IT has been 25 years since a suave Portuguese striker by the name of Jorge Cadete – with hair like spaghetti, as the famous song goes – burst onto the scene at Celtic.

Cadete may only have graced Scottish football for a short period of time, but what an impact he had (discounting of course his spell at Partick Thistle in 2004, the least said about which, the better). So much so, that he retains a place in the affections of Celtic supporters, and indeed, in the memories of football fans in his homeland too.

The reaction of Filipe Jota, Celtic’s new Portuguese winger, simply upon hearing the name is one of joy. But while he would dearly love to similarly win a place in the hearts of the Celtic faithful during his own time in Glasgow, the 22-year-old is determined to do it his own way.

“Ah Jorge Cadete!” smiled Jota. “Thirty goals in 37 games! Of course he is a big hero back home.

“He’s not been in touch but he did very well at Celtic, his statistics are amazing. I know that Celtic fans always remember him for that.

“But I don’t think about trying to be someone else. Every player has his past and I’m working every day to have my time. I want to make my own story at Celtic and be a success here myself.”

Jota’s knowledge and affection for Celtic though goes beyond the club’s association with Cadete, with the on-loan Benfica man having kept a keen eye on their fortunes over the years after an encounter with a supporter as a youngster.

“Paradise isn’t it?” he said. “Welcome to Paradise! I’m really looking forward to playing here.

“I have seen a lot of Celtic matches in the last few years against big European clubs. It was always a very good atmosphere and now I can’t wait to feel the same and to help everyone putting a smile on the Celtic fans’ faces.

“When I was younger I watched Benfica play Celtic in Lisbon. I was very young though. Since then I have seen PSG, Barcelona and these type of teams play at Celtic Park.

“I always thought there was something special about that place. Like a different atmosphere. 

“I might not be able to predict the future but watching those games I wanted to feel that atmosphere. I didn’t know if I would ever play here so now I am very happy it happens.

“It’s the best thing that could happen at this stage of my career.”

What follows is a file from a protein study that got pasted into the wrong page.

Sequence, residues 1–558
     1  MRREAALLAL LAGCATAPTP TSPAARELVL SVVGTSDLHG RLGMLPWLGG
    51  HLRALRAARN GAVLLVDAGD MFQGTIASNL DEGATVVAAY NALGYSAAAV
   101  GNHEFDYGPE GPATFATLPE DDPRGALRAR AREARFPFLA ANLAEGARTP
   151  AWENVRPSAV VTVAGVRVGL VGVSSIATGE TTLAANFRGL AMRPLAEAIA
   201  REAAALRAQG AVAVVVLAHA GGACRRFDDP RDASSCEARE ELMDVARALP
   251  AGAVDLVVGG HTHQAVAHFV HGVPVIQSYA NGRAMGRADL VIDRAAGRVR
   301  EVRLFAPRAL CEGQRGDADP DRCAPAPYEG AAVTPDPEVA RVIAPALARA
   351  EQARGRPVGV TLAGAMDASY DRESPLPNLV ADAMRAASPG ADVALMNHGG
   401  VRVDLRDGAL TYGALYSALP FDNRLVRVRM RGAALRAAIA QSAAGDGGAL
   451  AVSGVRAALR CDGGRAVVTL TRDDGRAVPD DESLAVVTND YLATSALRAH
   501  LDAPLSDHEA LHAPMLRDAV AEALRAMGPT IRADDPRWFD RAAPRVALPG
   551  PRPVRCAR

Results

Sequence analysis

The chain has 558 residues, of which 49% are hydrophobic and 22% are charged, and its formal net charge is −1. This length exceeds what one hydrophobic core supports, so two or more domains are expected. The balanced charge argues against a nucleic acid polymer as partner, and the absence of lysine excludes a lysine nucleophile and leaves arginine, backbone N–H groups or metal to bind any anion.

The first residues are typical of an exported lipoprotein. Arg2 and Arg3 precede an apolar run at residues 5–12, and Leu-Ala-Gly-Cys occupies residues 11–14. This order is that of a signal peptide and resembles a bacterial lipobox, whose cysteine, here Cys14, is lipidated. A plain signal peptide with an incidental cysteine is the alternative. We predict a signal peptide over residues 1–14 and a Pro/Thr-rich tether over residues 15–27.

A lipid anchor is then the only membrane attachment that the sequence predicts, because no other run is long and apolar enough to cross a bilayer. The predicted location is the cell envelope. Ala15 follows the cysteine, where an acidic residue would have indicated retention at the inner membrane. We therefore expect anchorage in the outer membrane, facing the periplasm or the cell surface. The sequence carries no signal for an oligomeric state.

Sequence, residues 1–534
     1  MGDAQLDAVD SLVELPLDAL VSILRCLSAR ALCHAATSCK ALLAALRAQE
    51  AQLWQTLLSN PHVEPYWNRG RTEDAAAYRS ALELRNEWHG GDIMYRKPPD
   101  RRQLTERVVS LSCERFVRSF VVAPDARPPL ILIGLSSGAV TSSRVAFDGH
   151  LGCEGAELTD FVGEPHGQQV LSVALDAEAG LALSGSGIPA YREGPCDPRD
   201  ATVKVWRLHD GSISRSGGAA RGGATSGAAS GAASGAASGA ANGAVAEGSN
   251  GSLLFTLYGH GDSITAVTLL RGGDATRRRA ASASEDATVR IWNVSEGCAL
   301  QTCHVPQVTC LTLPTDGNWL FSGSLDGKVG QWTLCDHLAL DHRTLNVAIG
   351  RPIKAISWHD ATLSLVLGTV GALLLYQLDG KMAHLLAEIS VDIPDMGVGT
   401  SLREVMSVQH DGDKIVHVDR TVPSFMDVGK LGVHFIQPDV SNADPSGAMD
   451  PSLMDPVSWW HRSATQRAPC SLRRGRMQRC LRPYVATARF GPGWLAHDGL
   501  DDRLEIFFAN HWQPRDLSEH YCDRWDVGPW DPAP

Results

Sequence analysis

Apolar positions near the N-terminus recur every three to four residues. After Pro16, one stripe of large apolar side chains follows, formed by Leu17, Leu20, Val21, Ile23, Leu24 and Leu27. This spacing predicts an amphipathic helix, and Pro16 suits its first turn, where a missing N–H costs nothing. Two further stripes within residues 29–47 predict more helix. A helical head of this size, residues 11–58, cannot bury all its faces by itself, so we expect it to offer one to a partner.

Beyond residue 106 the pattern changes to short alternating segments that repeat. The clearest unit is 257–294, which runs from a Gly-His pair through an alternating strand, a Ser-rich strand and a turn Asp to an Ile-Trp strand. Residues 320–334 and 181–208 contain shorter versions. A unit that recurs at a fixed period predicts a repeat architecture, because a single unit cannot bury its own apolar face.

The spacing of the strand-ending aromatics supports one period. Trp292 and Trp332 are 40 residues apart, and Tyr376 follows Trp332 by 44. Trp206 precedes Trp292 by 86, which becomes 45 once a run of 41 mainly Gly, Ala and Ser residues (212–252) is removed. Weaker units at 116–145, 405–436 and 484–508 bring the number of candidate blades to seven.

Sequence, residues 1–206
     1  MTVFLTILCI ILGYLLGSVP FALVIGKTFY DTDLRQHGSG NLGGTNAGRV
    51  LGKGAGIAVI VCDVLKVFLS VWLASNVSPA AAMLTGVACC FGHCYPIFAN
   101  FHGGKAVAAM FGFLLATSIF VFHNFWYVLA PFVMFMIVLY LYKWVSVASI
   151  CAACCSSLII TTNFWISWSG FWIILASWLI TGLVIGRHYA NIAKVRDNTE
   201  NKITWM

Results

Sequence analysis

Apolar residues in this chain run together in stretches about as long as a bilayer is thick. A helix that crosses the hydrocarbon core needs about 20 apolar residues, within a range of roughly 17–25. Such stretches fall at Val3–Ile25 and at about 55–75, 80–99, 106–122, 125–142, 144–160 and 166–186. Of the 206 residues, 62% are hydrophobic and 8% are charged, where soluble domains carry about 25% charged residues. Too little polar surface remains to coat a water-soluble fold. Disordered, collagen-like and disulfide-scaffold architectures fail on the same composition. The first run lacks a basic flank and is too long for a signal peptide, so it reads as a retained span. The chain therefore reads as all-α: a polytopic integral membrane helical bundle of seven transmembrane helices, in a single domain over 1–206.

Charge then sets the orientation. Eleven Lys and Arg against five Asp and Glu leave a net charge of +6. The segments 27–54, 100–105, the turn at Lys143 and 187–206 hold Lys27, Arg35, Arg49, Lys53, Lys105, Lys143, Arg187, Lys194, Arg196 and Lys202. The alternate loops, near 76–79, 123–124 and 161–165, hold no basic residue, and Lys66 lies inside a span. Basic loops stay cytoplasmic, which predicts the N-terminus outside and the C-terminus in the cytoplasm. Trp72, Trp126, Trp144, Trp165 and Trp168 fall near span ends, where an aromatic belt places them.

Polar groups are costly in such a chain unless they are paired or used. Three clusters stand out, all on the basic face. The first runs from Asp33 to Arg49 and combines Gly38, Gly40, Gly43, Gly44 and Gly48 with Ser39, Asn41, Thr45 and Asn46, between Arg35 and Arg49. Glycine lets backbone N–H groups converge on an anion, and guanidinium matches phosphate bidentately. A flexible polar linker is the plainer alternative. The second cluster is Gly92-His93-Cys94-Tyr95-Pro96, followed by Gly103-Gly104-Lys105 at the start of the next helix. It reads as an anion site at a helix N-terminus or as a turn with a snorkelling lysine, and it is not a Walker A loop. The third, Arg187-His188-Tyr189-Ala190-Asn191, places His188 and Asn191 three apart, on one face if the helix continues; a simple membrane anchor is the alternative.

Little wonder then that there was little hesitation in making the move to Scotland once Jota was aware of Celtic’s interest.

“It was in the last week of the window,” he said. “Once I knew about it I just wanted to come. I knew it was the right place to be. I’m so happy everything got solved and now I’m here I just want to play.

“It’s the right place because of the name, the history and the things Celtic have achieved in the past and the type of football the club is playing right now. 

“It’s suits me and I just want to learn as much as possible off the coach and my team mates. To develop new skills and new ways of playing.”

That he mentions the way of playing is consistent with the musings of other new recruits at Celtic this summer, with the incoming players making it clear that the style Ange Postecoglou prefers is a draw.

“The way the manager wants to play, the way the team is set up, it’s an aggressive, dynamic mentality and he wants the team to attack and score as many goals as we can,” said Jota. “That was a big trigger for me to come here. 

“I knew the manager had a story with the national team in Australia. I had heard good things about him. I want to be ready for everything as soon as I can.

“I am here at Celtic. Things are better than perfect.

“I spoke to my friends and family. I told them it’s an amazing place and I can’t wait to bring them to Scotland to watch the games and feel the same things that I will do.”

With the international break coming directly after transfer deadline day, Celtic fans were denied the opportunity to see their new attacking threat right away, and with the form of the other supporting attacking players for Celtic, the left winger may have a job getting into the team.

Jota is relishing the competition within the squad though rather than being daunted by it, and backs himself to contribute to the cause whenever Postecoglou feels he can.

“I’m confident that I will learn with them,” he said. “I can help them and they will help me.

“At the end of the day the most important thing is to win games as a group and to win titles. The group will come out stronger, no doubt.

“I will be ready whenever the coach says so. I just want to play as soon as possible but not look too far ahead. Everything will work out.

“My experiences in the Champions League and Europa League with Benfica will help, for sure. 

“But things will be different at Celtic, we will play another type of game and I need to adapt as quickly as I can and work hard with the guys, win as much as we can.”